My roommate Catherine and I talked yesterday about how rare it is to listen or be listened to. How long has it been since I've really listened and cared, and thought only about the person I was looking at or hearing? It happens far too seldom. So I've been trying just that, and I've been realizing how many of my conversations are focused on getting through, having a good time, bouncing off one another, making the person feel good, making sure my sense of self is preserved in my eyes and in their eyes. When I allow myself to really just hear their words and care, no matter how deep or shallow the conversation, and no matter how well I know the person, I find others opening up far more, and I find myself being ok with those few awkward moments when I don't know what to say. They're no longer awkward because I'm trying to make things not awkward. They're only there because I feel my response is insufficient to what I'm hearing, and I'm waiting for a new inspiration from my mind or theirs, and it does always come. God, people are amazing. We can all be real buttholes, too, and incredibly self-centered. But I love us anyway.

Saturday, October 15, 2005

A Tired and Jumbled Mess

It's 4:00 in the morning, I have to get up at 8:15, and I have a performance tomorrow night. naturally I decide to update my blog.
What do I want to write about? It's all too personal. I want to write about how I'm worried about Jennifer. About how I gave God an ultimatum today, and about Spencer Gotter. Luke's laugh and his sadness. My work! I'm proud of my work. I'm growing. I want to write about the Merchant of Venice and about boys and why are they so flirtatious and driven by sex? My goodness. And the bags under my eyes and the starving children in Africa. And my superhuman roommates. And my doubt. And Molly, and oh dear. How I love taking walks.

Things I would be happy doing when I die:
1. Breathing in the ocean air and being enveloped by the vastness of it all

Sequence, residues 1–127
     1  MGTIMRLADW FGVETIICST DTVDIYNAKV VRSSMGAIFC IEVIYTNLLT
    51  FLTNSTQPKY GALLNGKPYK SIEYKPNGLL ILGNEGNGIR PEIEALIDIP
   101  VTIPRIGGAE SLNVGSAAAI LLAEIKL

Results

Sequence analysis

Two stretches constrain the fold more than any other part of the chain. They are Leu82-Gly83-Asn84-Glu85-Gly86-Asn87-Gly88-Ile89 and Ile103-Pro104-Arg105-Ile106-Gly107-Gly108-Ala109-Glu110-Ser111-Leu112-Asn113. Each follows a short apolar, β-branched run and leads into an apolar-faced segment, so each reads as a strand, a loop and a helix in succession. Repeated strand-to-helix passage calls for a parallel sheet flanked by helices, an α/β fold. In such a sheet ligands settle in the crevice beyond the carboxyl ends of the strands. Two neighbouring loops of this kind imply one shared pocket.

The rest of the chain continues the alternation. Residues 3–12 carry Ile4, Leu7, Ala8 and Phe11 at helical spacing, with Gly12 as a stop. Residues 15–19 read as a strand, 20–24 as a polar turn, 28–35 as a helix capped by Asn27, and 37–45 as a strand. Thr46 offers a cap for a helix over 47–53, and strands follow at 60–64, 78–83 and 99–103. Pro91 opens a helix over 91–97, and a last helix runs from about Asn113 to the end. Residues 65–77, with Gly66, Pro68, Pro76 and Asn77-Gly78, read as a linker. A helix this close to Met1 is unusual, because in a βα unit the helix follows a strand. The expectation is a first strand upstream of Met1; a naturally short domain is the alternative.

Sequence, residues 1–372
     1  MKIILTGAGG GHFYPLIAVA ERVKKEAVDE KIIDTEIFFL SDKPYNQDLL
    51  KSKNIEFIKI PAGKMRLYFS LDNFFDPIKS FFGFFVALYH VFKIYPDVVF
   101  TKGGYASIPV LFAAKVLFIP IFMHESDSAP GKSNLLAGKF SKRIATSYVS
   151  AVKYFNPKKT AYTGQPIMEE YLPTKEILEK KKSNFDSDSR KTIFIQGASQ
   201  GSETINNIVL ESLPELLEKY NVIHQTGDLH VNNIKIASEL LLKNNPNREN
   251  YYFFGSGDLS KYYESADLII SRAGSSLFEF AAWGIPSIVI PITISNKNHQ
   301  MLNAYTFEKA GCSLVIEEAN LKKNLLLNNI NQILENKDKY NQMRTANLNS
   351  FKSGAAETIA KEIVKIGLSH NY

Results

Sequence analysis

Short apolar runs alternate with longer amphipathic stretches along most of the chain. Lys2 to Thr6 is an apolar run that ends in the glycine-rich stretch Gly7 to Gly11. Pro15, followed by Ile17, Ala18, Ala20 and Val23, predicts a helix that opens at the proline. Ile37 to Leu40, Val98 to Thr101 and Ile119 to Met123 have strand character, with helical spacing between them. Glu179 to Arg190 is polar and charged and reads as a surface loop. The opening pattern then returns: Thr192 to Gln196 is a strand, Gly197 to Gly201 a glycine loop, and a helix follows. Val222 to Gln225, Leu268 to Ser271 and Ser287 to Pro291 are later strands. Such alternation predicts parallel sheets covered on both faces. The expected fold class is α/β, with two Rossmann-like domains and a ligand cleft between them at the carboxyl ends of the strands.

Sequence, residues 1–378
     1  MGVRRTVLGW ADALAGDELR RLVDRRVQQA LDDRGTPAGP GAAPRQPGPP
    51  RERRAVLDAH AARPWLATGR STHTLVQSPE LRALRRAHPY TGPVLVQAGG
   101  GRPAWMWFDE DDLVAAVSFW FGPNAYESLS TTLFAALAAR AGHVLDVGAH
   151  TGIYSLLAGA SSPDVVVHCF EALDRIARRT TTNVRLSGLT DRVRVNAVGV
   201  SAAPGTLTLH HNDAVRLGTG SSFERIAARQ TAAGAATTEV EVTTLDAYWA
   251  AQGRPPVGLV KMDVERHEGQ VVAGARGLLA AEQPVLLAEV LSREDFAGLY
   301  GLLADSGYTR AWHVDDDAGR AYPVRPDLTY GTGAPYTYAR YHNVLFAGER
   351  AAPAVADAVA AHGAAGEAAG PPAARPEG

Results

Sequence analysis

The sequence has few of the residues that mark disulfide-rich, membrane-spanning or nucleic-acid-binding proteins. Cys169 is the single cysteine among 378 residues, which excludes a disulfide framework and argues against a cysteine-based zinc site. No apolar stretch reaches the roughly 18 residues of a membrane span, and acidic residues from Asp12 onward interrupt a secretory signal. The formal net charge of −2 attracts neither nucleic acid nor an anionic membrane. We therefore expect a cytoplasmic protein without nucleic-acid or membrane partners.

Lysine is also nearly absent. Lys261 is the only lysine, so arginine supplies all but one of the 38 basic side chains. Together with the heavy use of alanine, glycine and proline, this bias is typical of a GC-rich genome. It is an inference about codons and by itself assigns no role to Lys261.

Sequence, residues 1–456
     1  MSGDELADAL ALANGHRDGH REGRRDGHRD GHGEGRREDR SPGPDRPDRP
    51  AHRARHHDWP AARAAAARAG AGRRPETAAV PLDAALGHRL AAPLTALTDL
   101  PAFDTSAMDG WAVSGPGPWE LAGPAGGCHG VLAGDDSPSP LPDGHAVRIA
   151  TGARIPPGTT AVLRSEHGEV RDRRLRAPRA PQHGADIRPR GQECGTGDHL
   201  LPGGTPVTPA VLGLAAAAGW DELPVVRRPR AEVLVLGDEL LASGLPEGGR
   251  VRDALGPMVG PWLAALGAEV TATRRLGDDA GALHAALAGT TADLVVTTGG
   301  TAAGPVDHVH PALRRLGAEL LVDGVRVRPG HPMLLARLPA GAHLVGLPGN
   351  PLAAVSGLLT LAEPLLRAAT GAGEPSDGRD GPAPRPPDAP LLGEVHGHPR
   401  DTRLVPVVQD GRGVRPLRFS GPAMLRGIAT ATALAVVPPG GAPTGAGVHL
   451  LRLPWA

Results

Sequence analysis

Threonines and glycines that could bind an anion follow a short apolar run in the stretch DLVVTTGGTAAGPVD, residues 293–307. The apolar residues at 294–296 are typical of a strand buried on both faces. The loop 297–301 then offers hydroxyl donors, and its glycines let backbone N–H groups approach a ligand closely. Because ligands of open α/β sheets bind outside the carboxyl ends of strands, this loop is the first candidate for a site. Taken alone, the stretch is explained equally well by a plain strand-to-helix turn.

2. Walking along the side of a silent, secluded, green pond
3. Doing the downward dog in yoga
4. Smelling fresh-baked chocolate chip cookies
5. In the middle of a leap of pure elation
6. Embracing a dear friend
7. Feeding a hungry person
8. Sharing breath with one I love

I wish I could tell you more about my life in general, but I have no energy.
In the words of my current monologue,
"Sometimes all I want it to be looked at, admired, soothed, and caressed. I still want the power. I still want to make money and go mountaineering. But the thing I want most right now, God, Santa, Gloria Steinem - is some person to love me and sleep in my bed."
So that pretty much sums it up - I am in a pretty good place right now, sans the private daily struggles we all see different angles and degrees of. Keeping it real.

Monday, October 03, 2005

A death in the family

wherever you are
to August Wilson, who has recently left us.
please observe a moment of silence. (seriously)

A phenomenal playwright, Wilson passed away in Seattle last night, fortunately not before finishing his cycle of ten plays, one for each decade, depicting the intimate struggles of African Americans in the 20th century. Theatre is forever indebted to him for the history-through-theatre he provided, the fabulous venue for African American artists, and the raw, beautiful and human way he portrayed his characters and stories.
Thank you, August Wilson.